“Where they burn books, they will afterwards burn people” – Heinrich Heine (German Poet 1821)
The madness fanned by Goebbels and fired by Nazi student organisations, reached a frenzied climax on the night of 10 May 1933 when the nation’s great libraries were stripped of radical, socialist, pacifist, culturally alien and Jewish books, and piled on bonfires, lit as Germany careened to censorship, culture control and eventually the most naked of all Twentieth Century dictatorships. No nation that permits the state to crush its knowledge workers can long survive. The FUTA strike is no longer about academic salaries, long ago it morphed beyond that, it is no longer about securing a fair deal in education for the nation’s children, that Rubicon has also been crossed.
What are at issue in Sri Lanka are the last two surviving outposts of democracy. Can the independence of the judiciary and the academic right to dissent survive, or will they perish? It’s no longer about whether you agree with the 6% or not, it’s about shackles of a more menacing nature. Dear god, not even Hitler made Martin Borman, leader of the brown-shirted fascist SA street thugs, the minister of higher education!
If the FUTA strike is crushed it will resemble the crushing blow that JR inflicted on the working class and independent political activity in July 1980. I do not want to over dramatise, it is only in retrospect that we can make secure historical judgements, but it is possible that this is one of the final chances the nation will get to throw back the executive power of an authoritarian menace. The state is primed for the offensive, but public opinion, the working class and trade unions, and the educated classes and left opinion are half asleep, but fortunately, also half awake.
The FUTA strike is no longer about FUTA, it’s about you and I and what we do to bring to a halt the caravan of state as it rumbles on to total control of public life. Total is totalitarian; totalitarianism is the natural culmination of the authoritarian state. Just as nature abhors a vacuum, so authoritarianism abhors all things it cannot subdue. It moved heaven and earth, and cash and threats, to abort a Muslim-Tamil power centre rising outside and beyond its control in the Eastern Province – and Muslim leaders, as habituated for decades, betrayed their community for the umpteenth time. It will not permit an elected provincial council in the North unless international pressure compels it to; it will muzzle the judiciary and harness the police.
The forcing out of Frederica Jansz from Editorship with the instruction that “The first family was not to be criticised in the pages of the Sunday Leader”, and the role of Executive Power in arranging for the purchase of the newspaper, is further evidence, if needed, that dictators abhor dissent and the Rajapaksa Regime will pound alternative foci of power or influence. That is the nature of dictators because just as the nature of democracy is to muddle through diversity and wallow in dissent, the necessary condition for the survival of autocracy is the opposite. A house of cards tumbles if one is moved.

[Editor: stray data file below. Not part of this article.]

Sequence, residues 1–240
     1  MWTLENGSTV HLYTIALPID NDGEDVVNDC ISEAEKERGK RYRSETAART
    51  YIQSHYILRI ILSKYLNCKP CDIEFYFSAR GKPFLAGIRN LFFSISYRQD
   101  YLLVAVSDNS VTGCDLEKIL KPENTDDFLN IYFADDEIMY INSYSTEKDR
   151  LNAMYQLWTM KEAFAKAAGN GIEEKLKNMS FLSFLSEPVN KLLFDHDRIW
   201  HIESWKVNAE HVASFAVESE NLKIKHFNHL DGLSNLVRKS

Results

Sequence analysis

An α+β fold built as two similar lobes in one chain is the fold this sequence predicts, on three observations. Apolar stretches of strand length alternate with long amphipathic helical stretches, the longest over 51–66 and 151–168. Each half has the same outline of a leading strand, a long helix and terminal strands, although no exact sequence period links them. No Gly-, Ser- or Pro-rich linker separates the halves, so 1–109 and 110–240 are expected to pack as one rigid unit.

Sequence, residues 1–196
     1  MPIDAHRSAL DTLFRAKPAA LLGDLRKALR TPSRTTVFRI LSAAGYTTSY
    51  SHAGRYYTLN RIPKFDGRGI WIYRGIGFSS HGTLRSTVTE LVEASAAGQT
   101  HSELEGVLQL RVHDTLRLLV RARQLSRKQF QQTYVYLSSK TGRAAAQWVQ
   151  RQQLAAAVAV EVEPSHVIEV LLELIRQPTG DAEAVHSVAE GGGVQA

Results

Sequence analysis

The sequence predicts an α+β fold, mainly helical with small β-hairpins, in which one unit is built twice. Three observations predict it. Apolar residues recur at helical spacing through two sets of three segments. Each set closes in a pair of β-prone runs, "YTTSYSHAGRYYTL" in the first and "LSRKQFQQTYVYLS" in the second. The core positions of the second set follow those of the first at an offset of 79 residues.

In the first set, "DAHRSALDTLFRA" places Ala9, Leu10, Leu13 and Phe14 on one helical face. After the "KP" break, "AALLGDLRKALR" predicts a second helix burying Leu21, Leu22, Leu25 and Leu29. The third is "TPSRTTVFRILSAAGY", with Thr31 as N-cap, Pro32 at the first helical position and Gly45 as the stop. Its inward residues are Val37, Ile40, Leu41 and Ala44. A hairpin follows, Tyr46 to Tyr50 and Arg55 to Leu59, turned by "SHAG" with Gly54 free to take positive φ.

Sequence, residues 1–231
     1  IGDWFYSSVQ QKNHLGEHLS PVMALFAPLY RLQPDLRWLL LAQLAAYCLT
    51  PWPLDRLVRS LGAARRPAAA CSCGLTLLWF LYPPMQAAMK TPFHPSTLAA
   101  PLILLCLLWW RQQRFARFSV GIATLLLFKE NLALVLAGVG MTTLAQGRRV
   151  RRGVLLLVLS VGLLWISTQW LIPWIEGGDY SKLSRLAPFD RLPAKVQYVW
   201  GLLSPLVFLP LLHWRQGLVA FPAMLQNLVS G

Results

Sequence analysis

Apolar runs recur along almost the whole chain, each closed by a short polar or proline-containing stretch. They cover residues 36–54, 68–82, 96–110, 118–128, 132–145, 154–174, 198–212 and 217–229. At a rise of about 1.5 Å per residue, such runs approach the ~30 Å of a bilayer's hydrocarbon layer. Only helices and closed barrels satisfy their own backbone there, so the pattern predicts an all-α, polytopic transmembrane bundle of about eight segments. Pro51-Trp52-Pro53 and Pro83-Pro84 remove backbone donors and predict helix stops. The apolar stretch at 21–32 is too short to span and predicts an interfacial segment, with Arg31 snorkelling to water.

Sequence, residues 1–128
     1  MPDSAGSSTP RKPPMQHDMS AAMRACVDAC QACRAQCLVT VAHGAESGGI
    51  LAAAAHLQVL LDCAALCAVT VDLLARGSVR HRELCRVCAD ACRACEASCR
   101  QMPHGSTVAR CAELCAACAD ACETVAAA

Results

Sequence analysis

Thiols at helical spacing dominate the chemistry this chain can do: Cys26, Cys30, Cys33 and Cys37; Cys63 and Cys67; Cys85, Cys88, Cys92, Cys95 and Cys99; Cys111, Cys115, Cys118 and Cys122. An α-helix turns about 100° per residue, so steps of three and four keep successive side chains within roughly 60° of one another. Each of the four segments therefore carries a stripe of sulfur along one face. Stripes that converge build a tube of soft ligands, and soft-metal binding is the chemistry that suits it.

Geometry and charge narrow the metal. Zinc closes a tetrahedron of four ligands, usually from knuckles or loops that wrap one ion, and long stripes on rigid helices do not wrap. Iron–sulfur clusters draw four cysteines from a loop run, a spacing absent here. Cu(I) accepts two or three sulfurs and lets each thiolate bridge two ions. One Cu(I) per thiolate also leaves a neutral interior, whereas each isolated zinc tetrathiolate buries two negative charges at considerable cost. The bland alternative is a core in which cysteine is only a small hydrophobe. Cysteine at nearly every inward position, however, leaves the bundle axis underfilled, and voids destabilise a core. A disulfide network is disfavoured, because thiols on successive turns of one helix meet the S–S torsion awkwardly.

The 6% demand is justified
If the call for 6% GDP allocation for education had remained a FUTA slogan bereft of public support it would have fallen away; instead it has been taken up by society, so let us stop referring to it as a FUTA slogan and call it a public demand, a demand by many sections of society. I have heard it described as a bargaining position which we the public are advancing for tactical purposes and will compromise in the bargaining process. Without attempting to tie anybody’s hand in negotiations that are inevitable in the next period, I do insist that 6% is not a bargaining chip; it is a sound and serious proposal. In any case, while I thank FUTA for introducing and popularising the matter, it now belongs to us the public, as it must be, if it is to have legitimacy. How we prosecute the matter after the FUTA strike is over is also a matter in the public domain.
At an excellent presentation supported by a mass of empirical material Professor Dileepa Witharana, on behalf of FUTA, at gathering at the Town Hall on September 19, claimed that about 60 countries allocate 5% or more of GDP for education. These countries do not belong to any particular category by stage of development or region; they include high, middle, low and very low income countries, they are to be found in several continents. There is recognition across the board that human development is the key to all development. There is an understanding that human development incorporates both nurturing more aware, imaginative and cultured humans, as well as human resources development in the narrower sense of imbuing young people with skills that contribute to national development. The pity is that in Lanka the state, and to a degree sections of society, have lost sight of both objectives.